I'm for giving these guys (Rick Braun - trumpet, flugelhorn and valve trombone; Kirk Whalum - tenor sax and flute; Norman Brown - guitar) the comtemporary jazz album of the year award right now, on the second of July! Whenever they merge their exceptional talents as soul-jazzsters it's an event to be savored. The concept of transforming Michael Jackson's 1970-1988 songbook into jazz was undeniably clever from the start despite running the risk of some of the originals just being too indelible to approach from another direction. To wit: "Billie Jean" and "Beat It." On "Billie Jean" Rick Braun comes up with a brilliantly layered and fast-flowing arrangement that entrances for all of its six minutes. "Beat It" (another Braun arrangement) lays down a ska-beat percussion bed and is off to the races. There are just too many tremendous moments of soloing by these fine artists on this CD to even begin to single them out. Their solo "handoffs" are frequently spine-tingling, as are the interplay crescendos reached on nearly all of the songs here.
My personal favorites: a gorgeous "I'll Be There," chock-full of chills-inducing moments; Smokey Robinson's "Who's Lovin' You," the oldest song here (from 1960-61), done in a way that honors the sound of that period as black r & b/doo-wop was transitioning into soul; and a fragile and lovely "She's Out of My Life," which grows into something more powerful as it progresses. The title song features a warm and delicate vocal by Sheléa that serves as a beautiful tribute to Michael. I was dreading that "Shake Your Body (Down to the Ground)" might turn out to be mere throwaway dance-funk filler, but instead it's transformed into exhilarating Latin jazz. There is, however, one comparatively weak track, and unfortunately it's in the leadoff position: "Another Part of Me." Despite nice playing by the BWB three, it just doesn't have the melodic heft to support or justify its five minutes. Thankfully, it's overwhelmed by the next ten tracks, allowing one to forget this initial minor misstep.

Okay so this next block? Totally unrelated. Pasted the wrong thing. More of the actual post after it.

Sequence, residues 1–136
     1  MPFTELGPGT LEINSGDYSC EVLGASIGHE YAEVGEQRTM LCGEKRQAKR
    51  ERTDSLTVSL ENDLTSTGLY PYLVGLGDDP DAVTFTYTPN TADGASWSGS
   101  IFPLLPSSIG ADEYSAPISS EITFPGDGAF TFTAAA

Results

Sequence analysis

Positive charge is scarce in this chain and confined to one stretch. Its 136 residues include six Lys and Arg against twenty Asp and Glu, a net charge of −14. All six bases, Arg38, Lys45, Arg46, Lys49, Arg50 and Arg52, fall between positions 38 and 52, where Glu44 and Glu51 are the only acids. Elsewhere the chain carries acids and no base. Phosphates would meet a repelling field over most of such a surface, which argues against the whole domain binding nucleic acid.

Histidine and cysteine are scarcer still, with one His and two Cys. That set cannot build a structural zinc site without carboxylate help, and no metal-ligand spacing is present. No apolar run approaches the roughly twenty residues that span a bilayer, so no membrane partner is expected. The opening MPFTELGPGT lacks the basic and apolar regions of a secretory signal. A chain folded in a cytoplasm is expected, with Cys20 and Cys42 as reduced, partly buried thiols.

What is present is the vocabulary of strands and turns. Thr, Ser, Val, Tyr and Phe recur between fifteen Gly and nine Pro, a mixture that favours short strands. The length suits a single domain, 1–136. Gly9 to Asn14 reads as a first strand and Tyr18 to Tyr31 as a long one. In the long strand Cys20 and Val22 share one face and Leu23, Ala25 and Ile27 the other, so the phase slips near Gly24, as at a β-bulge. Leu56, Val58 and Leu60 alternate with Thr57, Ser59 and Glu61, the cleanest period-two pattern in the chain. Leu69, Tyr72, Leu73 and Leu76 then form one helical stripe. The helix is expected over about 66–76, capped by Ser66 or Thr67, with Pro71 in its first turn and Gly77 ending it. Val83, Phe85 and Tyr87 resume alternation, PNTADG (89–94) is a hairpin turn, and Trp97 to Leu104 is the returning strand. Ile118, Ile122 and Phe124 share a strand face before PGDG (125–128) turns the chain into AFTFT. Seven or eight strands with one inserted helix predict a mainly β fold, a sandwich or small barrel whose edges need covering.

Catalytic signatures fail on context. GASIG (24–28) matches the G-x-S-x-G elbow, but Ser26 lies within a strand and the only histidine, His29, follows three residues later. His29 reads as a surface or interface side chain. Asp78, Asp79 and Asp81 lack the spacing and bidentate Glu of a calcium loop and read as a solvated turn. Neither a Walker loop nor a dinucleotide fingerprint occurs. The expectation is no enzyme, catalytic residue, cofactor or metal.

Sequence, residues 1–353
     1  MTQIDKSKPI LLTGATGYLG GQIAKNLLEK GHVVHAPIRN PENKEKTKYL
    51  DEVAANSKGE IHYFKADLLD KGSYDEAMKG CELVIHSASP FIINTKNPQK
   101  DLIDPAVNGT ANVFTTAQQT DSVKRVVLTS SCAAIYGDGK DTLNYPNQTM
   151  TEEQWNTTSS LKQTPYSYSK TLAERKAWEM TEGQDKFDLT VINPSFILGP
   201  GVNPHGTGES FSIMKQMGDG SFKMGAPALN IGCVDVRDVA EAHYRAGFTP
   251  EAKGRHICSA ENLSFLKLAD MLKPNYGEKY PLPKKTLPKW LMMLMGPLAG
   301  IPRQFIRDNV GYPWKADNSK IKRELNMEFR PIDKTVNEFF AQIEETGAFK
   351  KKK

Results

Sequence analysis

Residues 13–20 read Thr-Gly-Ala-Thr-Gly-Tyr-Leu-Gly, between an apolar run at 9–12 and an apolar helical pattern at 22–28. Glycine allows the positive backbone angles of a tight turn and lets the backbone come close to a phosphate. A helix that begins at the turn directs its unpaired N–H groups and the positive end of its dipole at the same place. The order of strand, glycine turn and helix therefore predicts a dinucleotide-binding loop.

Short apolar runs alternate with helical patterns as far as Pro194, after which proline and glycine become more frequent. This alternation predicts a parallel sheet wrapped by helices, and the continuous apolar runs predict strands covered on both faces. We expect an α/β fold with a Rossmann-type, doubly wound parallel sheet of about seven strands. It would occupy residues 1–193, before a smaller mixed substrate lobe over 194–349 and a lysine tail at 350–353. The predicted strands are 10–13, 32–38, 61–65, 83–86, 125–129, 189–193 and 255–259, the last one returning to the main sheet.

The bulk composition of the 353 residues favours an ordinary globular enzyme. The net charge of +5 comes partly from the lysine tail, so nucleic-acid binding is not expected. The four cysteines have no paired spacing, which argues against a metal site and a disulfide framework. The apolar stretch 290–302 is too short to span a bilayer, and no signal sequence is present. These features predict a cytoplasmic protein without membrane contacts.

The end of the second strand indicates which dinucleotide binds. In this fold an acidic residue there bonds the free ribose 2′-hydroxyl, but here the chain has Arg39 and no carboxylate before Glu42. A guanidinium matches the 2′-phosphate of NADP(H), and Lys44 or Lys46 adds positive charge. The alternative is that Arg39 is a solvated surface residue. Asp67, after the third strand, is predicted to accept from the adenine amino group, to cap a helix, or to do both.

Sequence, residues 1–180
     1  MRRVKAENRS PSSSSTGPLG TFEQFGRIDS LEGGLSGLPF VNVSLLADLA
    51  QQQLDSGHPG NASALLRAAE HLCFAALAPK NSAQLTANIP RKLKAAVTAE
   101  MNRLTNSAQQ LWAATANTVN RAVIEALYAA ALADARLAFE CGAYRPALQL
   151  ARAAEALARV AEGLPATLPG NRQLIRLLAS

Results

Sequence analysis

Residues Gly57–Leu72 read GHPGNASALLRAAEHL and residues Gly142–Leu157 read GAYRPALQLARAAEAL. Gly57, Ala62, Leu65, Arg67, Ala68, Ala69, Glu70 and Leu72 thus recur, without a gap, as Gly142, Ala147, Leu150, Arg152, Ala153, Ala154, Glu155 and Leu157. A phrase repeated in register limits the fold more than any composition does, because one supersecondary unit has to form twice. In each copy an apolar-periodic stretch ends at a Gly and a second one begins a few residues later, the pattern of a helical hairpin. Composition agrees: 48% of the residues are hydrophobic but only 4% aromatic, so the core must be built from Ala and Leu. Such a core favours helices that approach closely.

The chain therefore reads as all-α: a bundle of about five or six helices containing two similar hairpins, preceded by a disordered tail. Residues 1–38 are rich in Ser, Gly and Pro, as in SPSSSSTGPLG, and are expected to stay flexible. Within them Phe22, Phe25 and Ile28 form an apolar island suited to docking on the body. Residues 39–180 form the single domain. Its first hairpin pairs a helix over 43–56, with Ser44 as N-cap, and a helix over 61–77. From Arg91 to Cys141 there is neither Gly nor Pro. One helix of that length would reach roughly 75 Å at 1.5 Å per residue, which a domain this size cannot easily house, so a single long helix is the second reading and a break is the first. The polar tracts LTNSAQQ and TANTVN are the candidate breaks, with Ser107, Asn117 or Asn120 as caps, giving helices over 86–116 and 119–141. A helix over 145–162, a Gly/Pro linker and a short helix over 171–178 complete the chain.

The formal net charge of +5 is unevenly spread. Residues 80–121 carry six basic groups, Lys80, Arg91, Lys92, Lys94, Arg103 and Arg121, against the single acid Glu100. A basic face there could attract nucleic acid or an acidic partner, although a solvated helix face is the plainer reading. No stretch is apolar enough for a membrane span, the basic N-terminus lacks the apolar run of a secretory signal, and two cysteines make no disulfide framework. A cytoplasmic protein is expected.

Sorely missing here are the beautifully melodic "Never Can Say Goodbye" and Michael's first solo hit, "Got to Be There," both from 1971. How about a follow-up collection of Motown songs, guys, containing these two? Please!